Sunday, March 10, 2013

Chapter 1: The Game Is Afoot

Date: 1 February 1809
Location: Port of Lisbon, Portugal
Situation: Expected News Arrives
Purpose: Fictional campaign novel adapted from actual historical events.

Toward the end of 1808 the military situation in the Iberian Peninsula for allies Britain, Portugal and Spain was hopeless. Napoleon had overrun most of Iberia and seemed unstoppable. Spanish armies were defeated and disorganized. Portuguese forces were insignificant and wanting. Finally, Sir John Moore's British contingent was greatly outnumbered and retreating fast into northwest Spain. Lest everyone be lost, he intended to embark for home from the port of Coruna.

Wind kept troop transports off the port until 15 January. Embarkation commenced almost immediately. The next day Marshall Soult's II French Corps arrived commencing a furious battle to prevent it. The line held but Moore was killed. On the 17th the French paused allowing the rest of the British Army to embark and sail for England.

A fortnight later only one viable allied body was left in northwest Iberia. It was the 10,000 man division commanded by Major General William Justinian Pettygree in Lisbon. News was expected any hour saying Soult's 23,500 men were marching south into Portugal. All that stood in his way was the garrison of Lisbon.


During the indolent morning of 1 February, Marshall Soult's plans were of no concern to Royal Marines guarding the seawall at the Lisbon Custom's House. Their boredom had been barely relieved observing a pair of two deckers rapidly arrive and depart the roadstead. For Thunderer and Conqueror, both 74s, it had only been a matter of touch and go to deliver an important dispatch from the inshore squadron near Coruna, Spain.

Captain Michael Siggins, Aide de Camp to General Pettygree, arrived to receive that dispatch.

Siggins: "Thank you Captain. This will be hand-delivered to the General without delay."

Major General Pettygree's Personal Journal
1 February 1809

"In the early morning Major Ridge (5th Foot) and I left Castelo Vasco de Gama for exercise. He pointed to a rider clattering in haste over a bridge toward us."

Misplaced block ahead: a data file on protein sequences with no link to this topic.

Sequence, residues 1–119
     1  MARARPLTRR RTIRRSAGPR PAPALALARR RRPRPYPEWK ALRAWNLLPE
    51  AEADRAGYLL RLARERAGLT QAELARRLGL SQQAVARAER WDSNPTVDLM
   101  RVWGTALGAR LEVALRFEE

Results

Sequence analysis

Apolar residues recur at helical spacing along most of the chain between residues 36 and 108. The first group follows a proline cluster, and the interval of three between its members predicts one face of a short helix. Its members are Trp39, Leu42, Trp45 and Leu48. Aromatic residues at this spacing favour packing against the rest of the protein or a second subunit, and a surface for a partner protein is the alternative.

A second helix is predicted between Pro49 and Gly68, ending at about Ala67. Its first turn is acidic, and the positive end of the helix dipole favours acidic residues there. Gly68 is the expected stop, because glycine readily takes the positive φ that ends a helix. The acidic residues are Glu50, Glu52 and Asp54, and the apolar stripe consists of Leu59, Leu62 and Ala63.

Ridge: "It's Siggins Sir. I'm thinking he's holding a dispatch."

Siggins: "It's news from the inshore squadron off Coruna General; no more than two days old. They must have flown to get here in that time."

Pettygree: "It was news about the French. The dispatch read.

Pettygree: "There was not a moment to lose. Soult was on his way and we needed to respond. Cutting our ride short, we repaired to headquarters and consulted our map of the region."

Siggins: "Three days ago Soult left Coruna in the north heading for Santiago and probably Oporto."

Ridge: "I reckon he'd like to have Oporto's docks and control the Duero River bridge."

Pettygree: "Quite so."

Ridge: "If we leave Lisbon in the morning General, we might deny Oporto to him."

Pettygree: "No Major. We shall force march past Oporto to the Spanish border and deny the crossings over the River Minho (Minio) near Vigo Galiza to him. --- How soon can the 5th get underway?"

Ridge: "I daresay we can be on the road at noon today."

Pettygree: "Let the men eat first and afterwards be on the march no later than an hour past noon."

Ridge: "The Fighting 5th. will do as you say General! Quo Fata Vocant (Whither the fates call.)"

Pettygree: "Ridge was as good as his word. His gosling greens were indeed on the road at one of the clock in the afternoon waiting only for...."

Pettygree: "Captain Siggins to render my orders to Lord Paget and his Light Cavalry Brigade. I could always count on him to be ready to gallop off at a moment's notice. Paget would lead and screen our Advance Guard to the Minho. The rest of the garrison would follow in the morning."